Q. Mr. President, there are many Australians—there are many Australians and others who are still not convinced that they should be going with you to war. At this late stage, what's your personal message to them?
President Bush. My personal message is that I want to keep the peace and make the world more peaceful. I understand why people don't like to commit the military to action. I can understand that. I'm the person in this country that hugs the mothers and the widows if their son or husband dies. I know people would like to avoid armed conflict, and so would I. But the risks of doing nothing far outweigh the risks of whatever it takes to disarm Saddam Hussein.
I've thought long and hard about this issue. My job is to protect the American people from further harm. I believe that Saddam Hussein is a threat to the American people. I also know he's a threat to our friends and allies.
The second thing—my message is, and I started speaking about this today, I also have got great compassion and concern for the Iraqi people. These are people who have been tortured and brutalized, people who have been raped because they may disagree with Saddam Hussein. He's a brutal dictator. In this country and in Australia, people believe that everybody has got worth, everybody counts, that everybody is equal in the eyes of the Almighty. So the issue is not only peace, the issue is freedom and liberty.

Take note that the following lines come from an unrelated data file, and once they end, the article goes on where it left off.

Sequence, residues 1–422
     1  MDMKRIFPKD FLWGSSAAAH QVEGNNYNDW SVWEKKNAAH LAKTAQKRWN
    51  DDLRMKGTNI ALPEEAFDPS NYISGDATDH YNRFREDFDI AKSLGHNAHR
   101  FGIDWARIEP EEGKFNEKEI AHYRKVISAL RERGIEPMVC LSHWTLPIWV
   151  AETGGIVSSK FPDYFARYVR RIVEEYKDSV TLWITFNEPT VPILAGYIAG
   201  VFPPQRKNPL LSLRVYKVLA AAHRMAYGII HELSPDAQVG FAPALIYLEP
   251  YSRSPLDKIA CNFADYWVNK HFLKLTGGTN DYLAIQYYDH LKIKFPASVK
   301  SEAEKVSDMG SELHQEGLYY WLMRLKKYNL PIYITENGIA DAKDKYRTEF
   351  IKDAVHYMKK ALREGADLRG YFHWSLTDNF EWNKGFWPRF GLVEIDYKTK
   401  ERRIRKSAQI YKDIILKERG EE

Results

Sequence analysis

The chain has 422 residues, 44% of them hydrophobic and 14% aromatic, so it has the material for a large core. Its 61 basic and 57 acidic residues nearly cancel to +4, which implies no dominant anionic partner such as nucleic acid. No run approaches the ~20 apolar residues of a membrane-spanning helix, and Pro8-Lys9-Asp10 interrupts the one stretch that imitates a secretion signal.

I made it clear in my State of the Union—and the people of Australia must understand this—I don't believe liberty is America's gift to the world. I believe it is God's gift to humanity.
Thank you all.
NOTE: The President spoke at 5:46 p.m. in the Oval Office at the White House. In his remarks, he referred to President Saddam Hussein of Iraq and President Jacques Chirac of France.
George W. Bush, Remarks Following Discussions With Prime Minister John Howard of Australia and an Exchange With Reporters Online by Gerhard Peters and John T. Woolley, The American Presidency Project https://www.presidency.ucsb.edu/node/216226